Stereolithography Rapid tooling Injection moulding Heat transfer Polyetherether-ether-ketone
The use of stereolithography (SL) as a rapid tooling technique for injection moulding
provides a low cost and quick alternative to hard tooling methods when producing a small
quantity of parts. However, previous work has shown that different characteristics are
developed by crystalline plastic parts produced from SL moulds and those produced from
conventional tooling methods. Differing characteristics means that the parts are not truly the
same as those that would be produced by hard tooling and highlights a disadvantage to SL
Such differences are due to the cooling rate experienced by the part. Parts produced
from SL moulds are cooled more slowly than those from metal tools as a result of the differing
thermal conductivity of the mould material itself.
This work concerned establishing the extent of the difference in the heat transfer
characteristics. The different cooling rates were demonstrated by real-time data acquisition.
The results illustrated the very different thermal history imparted on the moulding that are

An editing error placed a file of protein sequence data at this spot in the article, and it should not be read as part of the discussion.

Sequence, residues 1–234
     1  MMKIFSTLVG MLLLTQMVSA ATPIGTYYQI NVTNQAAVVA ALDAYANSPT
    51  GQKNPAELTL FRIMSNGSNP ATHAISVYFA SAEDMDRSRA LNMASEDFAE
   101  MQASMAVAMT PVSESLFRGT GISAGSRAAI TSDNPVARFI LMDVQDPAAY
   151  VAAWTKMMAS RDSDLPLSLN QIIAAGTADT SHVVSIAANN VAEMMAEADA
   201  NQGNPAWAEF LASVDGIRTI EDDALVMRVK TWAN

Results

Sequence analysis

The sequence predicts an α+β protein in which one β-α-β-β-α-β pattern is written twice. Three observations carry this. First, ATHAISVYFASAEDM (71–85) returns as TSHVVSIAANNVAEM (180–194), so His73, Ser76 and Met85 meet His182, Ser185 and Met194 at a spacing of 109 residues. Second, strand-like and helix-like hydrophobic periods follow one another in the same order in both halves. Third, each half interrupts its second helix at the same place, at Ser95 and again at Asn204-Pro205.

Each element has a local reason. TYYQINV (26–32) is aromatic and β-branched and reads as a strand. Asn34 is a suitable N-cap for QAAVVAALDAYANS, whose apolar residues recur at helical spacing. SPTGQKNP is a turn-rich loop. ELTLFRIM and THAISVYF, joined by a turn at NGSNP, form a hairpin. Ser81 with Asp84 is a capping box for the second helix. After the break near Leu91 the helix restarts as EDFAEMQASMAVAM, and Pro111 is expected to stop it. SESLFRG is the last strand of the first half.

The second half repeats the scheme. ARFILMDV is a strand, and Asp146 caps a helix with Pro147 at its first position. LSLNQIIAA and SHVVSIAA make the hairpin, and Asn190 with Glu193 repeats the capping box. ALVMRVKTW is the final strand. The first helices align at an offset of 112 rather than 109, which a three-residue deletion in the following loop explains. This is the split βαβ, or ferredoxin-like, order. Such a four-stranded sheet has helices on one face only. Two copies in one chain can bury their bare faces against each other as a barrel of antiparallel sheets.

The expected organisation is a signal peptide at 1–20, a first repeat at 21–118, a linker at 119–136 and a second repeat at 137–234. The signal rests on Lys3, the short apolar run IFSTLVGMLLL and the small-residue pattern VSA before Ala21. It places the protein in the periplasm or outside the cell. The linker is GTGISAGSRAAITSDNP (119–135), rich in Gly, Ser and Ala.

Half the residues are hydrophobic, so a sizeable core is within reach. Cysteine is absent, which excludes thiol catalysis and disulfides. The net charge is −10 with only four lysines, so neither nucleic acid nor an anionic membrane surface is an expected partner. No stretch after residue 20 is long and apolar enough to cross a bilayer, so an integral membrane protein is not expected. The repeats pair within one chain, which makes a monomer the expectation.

likely to be the cause of characteristical differences in the parts.
The work then describes how the thermal conditions experienced in stereolithography
moulds can be used to an advantage. A case study details the use of SL moulds for the
injection moulding of polyether-ether-ketone (PEEK) which has high process parameter
The results of the case study have shown that not only is the stereolithography rapid
tooling method capable of producing a low volume of PEEK parts, but also under conditions
that would not be possible using a metal mould. The thermal characteristics of
stereolithography moulds allowed fully crystalline PEEK parts to be produced with the mould
at room temperature; the equivalent steel mould would require a pre-moulding temperature of
~200 C and much higher injection pressures & speeds.